On Sunday night, PBS aired To Walk Invisible, a movie that follows the Bronte sisters as they struggle to get their work published while dealing with familial issues. What was wonderful about this drama was picking up on the tidbits of fun facts about the sisters- from Emily’s love of her dog to Charlotte’s enrapturement with Emily’s poetry. For those familiar with the works of the Brontes, it was astonishing to see the sisters go about daily life in the often dark and dull atmosphere of their home with the knowledge that this environment produced colorfully imaginative works. And that imagination we catch only in the brief scenes where the sisters and their brother are shown playing as children. Indeed, after watching, this movie is as much about Branwell as it is about his famous sisters.
Why? Simply because the movie starts with Branwell’s dismissal from Thorp Green and ends with his death. Throughout, we see him turn to alcohol as he grapples with the expectations of his father, his separation from Mrs. Robinson, and his failure with his own writing and poetry. And though he falls again and again into the same self-destructive cycle, we witness Emily taking care of him and the bond he shares with her. While the movie shows how his negative behavior affects his sister, much of the screen time is devoted to showing Branwell and his conflicts. It is Branwell’s troubles that seem to dominate the story with the issues surrounding women in publishing and the Bronte sisters’ relationship with each other taking a backseat to Branwell’s problems.
The portrayal of Charlotte with the constant scowl on her face was well done considering her impassioned speech to Anne about the status of women in society and the unfairness of it all. Here is a woman that is angry- angry at being pigeonholed into a small domestic sphere by men, angry at how her intellect is dismissed because of her sex, and angry at the immobility of her life due to few options offered to her as a woman in nineteenth-century England. She’s enraged and bitter and she has the right to be. On top of all this, she is also dealing with heartbreak from her unrequited love for a married man. Charlotte is ambitious and her drive to be more than what society expects is seen in her attempts to get her sisters’ work published along with hers- often butting heads with Emily in the process.
Emily writes beautiful, fiery poetry which comes as a surprise as she’s shown to be the sister who is the most attuned with the reality of their household and not as focused on her writing as her sisters are. Hearty and tough, she takes care of Branwell and is seen, again and again, in the kitchen kneading dough. The numerous depictions of her working with her hands serve to reinforce her as someone who is used to the robust life on the moors while also subsuming the wildness of the landscape, as seen by her howling at the moon with her brother. She is outwardly domestic but uninhibited at heart- a heart that produces her impassioned poetry and writings. She’s also the most reluctant to go forward with publishing her writing and also does not accompany Charlotte and Anne on their trip to London to reveal their identities as authors of their works. It’s clear that Emily writes for herself and that her family and her home are the most important things to her.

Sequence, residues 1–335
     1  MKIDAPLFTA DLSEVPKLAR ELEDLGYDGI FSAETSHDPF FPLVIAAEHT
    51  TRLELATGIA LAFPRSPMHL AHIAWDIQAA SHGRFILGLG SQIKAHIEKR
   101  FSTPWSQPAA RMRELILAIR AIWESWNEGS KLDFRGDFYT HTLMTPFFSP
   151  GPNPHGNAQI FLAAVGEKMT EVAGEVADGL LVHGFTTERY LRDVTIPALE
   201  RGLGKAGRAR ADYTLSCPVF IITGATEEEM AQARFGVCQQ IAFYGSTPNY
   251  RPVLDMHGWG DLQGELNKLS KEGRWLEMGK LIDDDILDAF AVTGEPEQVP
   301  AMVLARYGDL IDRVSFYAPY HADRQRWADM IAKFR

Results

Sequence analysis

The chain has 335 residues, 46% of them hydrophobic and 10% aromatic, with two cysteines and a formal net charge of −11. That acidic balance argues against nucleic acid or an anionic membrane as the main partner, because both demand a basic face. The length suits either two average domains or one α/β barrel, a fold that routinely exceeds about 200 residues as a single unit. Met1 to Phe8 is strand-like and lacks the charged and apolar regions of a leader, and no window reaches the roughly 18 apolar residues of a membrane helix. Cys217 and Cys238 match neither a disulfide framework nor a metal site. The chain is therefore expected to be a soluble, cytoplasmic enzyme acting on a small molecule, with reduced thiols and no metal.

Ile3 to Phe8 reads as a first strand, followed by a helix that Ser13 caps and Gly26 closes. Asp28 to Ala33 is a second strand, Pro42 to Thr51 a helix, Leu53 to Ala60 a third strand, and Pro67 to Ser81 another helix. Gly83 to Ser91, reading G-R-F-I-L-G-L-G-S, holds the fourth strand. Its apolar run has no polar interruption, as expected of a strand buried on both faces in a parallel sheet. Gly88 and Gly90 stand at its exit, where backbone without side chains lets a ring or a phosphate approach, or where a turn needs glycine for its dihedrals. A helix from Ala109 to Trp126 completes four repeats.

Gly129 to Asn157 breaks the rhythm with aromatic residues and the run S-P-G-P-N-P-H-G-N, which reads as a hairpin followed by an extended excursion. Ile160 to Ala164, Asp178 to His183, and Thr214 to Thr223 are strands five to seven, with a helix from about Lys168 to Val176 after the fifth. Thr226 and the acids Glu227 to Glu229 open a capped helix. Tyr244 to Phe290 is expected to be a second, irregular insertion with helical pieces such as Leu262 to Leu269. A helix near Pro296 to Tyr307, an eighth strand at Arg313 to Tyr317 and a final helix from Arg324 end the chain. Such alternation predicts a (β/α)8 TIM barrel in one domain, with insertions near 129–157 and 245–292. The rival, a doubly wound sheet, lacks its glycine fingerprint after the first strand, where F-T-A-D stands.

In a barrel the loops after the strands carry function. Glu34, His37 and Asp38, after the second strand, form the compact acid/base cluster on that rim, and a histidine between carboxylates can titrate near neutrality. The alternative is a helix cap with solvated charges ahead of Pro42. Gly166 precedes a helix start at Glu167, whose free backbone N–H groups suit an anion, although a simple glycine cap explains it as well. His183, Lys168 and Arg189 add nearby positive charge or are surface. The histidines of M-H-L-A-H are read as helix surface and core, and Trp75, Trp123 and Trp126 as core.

As for Anne? For years, Anne has not been as widely acknowledged as her sisters have been, and this quietness surrounding Anne is unfortunately reflected in the movie as well. Whereas Emily and Charlotte are shown as more active participants, Anne is passive and the movie glides over her to focus more on her sisters. There was a hint of Anne’s spiritual character as well as possible tension when Charlotte brushes off her poetry as cute and “charming” while giving more praise to Emily’s poetry. I wish we could have seen more of these dynamics explored but we are offered only a limited view on Anne. Her gowns, however, were bright and delightful to see!
Though the movie seemed to indicate that it focused on the Bronte sisters and their journey to becoming published authors, I didn’t see as much of these concepts as I had hoped to. We do hear them voice the struggles of being a female writer: “When a man writes something, it’s what he’s written that’s judged. When a woman writes something, it’s her that’s judged” Emily tells Anne. They have to use male pseudonyms in order to get published, but not before facing many rejections from publishers. The relationship between the sisters themselves is seen in sometimes amusing moments, like when Emily shoves Charlotte’s head for reading her personal writings. There is definite friction between Emily and Charlotte and their differing views on what is most important to them but it gets swept aside under the main focus on Branwell and the conflicts his actions cause to his family.
There was potential for so much more to be explored within this movie, but it did a great job at capturing the strife between chasing your dreams and being held back by the reality of your life and how some (Charlotte and her sisters) triumph and some (Branwell) do not.